Inversions are particularly helpful for bringing circulation to the vital glandular system including the thyroid gland, the pituitary gland, and the hypothalamus— considered the master gland since it is responsible for maintaining the body’s dynamic state of homeostasis. Improved circulation to these vital endocrine glands promotes healthy secretion and circulation of hormones. In addition, going upside-down also optimizes the position of the uterine organs helping correct issues that are caused by the incorrect alignment. It is important to practice inversions in a way that is safe with the guidance and instruction of a teacher. There are many restorative alternatives that allow practitioners to stay in the poses for a prolonged period of time, thus allowing the health benefits to go much deeper. Some of the best poses to practice include Sirsasana (headstand) and Sarvangasana (shoulder stand). Beginners can start by bringing their legs up the wall with a bolster placed under the hips in Viparita Karani. Taking a supported version of Setu Bandha (bridge pose) can also be beneficial.
Here are some other useful tips that help regulate stress:
Don’t skip breakfast and eat high protein meals.
Try to sit while you eat, avoiding other distractions.
Eat lots of dark leafy greens like kale, broccoli, and chard which provide magnesium, potassium, calcium, and chlorophyll– all calming to the nervous system.
Replace coffee with green tea which is easier on the adrenal glands and high in phytonutrients.
B complex vitamins help reduce the hypersecretion of stress hormones. Food sources include: meat especially organ meats, seafood, egg yolks, whole grains, oats, broccoli, sweet potatoes, and nutritional yeast.
Vitamin C can help lower stress hormones and increase our immune response.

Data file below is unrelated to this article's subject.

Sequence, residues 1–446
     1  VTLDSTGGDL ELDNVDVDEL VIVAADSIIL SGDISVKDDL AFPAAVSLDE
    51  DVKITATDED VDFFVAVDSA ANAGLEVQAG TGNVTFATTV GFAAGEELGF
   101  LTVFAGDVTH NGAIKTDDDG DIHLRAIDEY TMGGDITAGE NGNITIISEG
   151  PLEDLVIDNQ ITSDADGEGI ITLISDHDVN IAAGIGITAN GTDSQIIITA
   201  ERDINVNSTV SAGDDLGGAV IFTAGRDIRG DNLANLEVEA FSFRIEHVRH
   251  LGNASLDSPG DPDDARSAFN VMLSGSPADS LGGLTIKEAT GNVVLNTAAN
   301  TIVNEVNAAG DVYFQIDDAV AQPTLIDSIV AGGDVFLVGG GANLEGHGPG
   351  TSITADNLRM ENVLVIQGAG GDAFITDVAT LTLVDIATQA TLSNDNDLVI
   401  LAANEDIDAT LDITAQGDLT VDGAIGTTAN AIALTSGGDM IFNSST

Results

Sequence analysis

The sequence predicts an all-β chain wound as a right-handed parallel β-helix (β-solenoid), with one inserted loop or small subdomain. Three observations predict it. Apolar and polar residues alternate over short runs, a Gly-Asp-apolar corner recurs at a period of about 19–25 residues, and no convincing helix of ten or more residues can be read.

Magnesium aids sleep, helps with many enzymatic process such as muscle relaxation, and is extremely beneficial for PMS symptoms.
EPA /DHA protects our cells from stress and boosts mind and mood.
Herbs such as lavender, lemon balm, rhodiola, holy basil, licorice, ashwagandha and American ginseng & milky oats nourish the nervous system and help with stress.
Avoid blue light exposure from screens which interrupts our circadian rhythm and leads to cortisol release in the evening hours.
Mindset and gratitude: Reframe stressful situations and notice the things that are going really well, even just the beauty around you, for example, the sky while you drive and the sound of the birds outside of your office…
Meditating just 5 minutes each day can significantly lower stress.
Do something active that you love— dance, ride your bike, walk, yoga!
Now that you understand more about how chronic stress affects all aspects of our health and well-being, including the reproductive system, I hope that you feel encouraged to make choices that will help you break the cycle. Once you begin to regain energy and clarity from lowering stress, you will be inspired to keep going. Please keep in mind that even 5 to 15 minutes of restorative yoga and meditation a day can make a huge difference in your life. By making this commitment to bring balance into your life now, you can enjoy lasting health for years to come.
Yoga for Hormonal Balance & Vitality
by Zhenya Novareign